1 min read


At the raw end of winter

they could no longer wait through Spring

to take their melancholy daughter

to some lush summered place

where there was nothing to do

but float through sun-soaked days

or pick fruit in a grove

unlike their own crisp orchard.

It was dense, so sweet and hot

one could hardly breathe.

The trees-formidable as pregnant Amazons-

bung thick leaves clear to the ground,

hid utterly the heavy fruit.


They hesitated,

then sent their only child up

into the dark interior.

Her slim legs (the last part to disappear) thrashed,

found footing, flushed a swallow-tailed butterfly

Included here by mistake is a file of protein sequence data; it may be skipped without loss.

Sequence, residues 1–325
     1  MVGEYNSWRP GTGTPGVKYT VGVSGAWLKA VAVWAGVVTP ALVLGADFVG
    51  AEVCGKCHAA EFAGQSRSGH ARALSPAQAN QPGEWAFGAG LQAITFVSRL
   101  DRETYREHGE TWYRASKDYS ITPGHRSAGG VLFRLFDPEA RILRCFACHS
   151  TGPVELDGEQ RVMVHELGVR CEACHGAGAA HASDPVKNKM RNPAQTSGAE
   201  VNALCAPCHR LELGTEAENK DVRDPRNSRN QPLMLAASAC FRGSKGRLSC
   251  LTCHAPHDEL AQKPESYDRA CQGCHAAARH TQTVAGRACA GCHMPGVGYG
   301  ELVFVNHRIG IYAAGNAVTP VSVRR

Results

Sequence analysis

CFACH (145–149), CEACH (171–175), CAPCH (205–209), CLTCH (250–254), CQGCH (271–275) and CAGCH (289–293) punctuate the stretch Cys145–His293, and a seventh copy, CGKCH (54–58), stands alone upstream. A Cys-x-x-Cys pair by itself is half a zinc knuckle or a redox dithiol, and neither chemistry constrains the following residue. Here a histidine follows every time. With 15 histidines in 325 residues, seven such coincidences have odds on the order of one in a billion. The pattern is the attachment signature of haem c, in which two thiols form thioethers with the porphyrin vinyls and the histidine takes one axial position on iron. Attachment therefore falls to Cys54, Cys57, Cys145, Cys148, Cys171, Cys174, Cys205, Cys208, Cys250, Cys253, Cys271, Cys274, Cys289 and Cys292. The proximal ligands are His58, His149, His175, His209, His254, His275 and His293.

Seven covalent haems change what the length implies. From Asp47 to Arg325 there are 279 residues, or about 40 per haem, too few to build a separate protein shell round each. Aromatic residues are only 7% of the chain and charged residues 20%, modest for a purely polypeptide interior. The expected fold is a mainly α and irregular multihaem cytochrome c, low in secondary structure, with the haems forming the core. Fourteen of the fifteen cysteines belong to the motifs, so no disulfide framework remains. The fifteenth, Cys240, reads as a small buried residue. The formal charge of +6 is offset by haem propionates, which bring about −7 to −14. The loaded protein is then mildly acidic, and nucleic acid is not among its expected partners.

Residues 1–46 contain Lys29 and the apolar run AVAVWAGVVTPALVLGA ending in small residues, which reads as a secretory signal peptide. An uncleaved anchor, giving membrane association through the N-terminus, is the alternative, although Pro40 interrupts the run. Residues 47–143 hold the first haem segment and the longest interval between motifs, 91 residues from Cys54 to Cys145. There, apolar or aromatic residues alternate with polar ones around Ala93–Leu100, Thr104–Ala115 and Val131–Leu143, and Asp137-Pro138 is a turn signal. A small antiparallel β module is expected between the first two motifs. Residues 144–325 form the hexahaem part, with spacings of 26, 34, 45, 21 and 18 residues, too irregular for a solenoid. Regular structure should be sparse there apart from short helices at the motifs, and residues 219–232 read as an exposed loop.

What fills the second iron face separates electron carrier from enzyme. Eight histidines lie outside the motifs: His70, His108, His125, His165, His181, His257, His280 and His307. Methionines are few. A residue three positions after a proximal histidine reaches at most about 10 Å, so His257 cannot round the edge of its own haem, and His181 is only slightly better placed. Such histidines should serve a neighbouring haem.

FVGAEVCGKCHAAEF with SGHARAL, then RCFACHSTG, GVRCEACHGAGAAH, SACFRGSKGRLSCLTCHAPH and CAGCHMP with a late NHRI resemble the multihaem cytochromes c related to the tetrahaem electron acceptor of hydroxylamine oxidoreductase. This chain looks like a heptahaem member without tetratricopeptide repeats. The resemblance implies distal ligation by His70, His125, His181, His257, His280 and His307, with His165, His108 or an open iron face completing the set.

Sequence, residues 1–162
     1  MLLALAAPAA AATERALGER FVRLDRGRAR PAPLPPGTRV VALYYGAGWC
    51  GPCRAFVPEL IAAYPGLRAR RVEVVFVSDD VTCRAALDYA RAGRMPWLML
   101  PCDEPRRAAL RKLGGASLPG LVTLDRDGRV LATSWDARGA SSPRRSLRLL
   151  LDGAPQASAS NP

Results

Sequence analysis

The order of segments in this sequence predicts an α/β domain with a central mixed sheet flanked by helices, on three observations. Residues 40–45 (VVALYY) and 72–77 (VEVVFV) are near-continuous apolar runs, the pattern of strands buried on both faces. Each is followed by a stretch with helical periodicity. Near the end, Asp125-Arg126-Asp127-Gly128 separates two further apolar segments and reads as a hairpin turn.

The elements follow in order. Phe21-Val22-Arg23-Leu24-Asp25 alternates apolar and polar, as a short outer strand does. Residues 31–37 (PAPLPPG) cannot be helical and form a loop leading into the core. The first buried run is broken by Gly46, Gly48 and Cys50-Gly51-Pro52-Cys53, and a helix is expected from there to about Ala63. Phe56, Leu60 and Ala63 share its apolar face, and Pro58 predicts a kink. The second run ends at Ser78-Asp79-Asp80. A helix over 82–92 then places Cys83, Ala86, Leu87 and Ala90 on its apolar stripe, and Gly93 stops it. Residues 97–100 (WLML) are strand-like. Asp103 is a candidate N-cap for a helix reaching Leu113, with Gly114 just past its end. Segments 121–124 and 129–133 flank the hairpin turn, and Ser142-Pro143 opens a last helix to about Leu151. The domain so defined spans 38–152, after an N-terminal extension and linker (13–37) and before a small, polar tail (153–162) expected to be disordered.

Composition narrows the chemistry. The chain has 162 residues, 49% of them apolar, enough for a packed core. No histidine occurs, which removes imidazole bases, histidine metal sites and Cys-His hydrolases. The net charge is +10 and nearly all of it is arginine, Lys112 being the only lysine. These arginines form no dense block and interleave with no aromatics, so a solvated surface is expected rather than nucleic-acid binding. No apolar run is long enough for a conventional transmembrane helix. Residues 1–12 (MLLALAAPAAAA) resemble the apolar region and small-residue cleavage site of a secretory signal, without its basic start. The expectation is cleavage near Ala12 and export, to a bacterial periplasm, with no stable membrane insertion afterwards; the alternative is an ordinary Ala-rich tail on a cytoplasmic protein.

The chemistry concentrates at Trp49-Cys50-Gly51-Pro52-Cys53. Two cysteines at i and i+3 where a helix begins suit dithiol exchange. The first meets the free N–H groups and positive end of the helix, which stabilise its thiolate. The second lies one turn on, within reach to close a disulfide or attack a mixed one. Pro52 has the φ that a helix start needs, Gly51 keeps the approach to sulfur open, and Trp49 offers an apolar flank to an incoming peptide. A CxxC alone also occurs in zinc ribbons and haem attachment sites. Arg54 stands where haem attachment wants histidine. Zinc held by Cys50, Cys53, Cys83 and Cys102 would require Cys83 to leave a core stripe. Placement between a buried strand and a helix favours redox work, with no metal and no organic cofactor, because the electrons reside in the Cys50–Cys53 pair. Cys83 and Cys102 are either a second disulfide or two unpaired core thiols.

into bright light.

It lurched through liquid air,

simply drunk on the stuff,

resettled higher up.

They caught the swollen fruit tossed out one at a time

sticky, soiling their hands with black like newsprint

from smudge pots set to protect the trees

through their own hard winter.


"Enough," they finally called and watched

her emerge, an idealized vision of a chimney sweep.

Grinning. Her exhausted face streaked.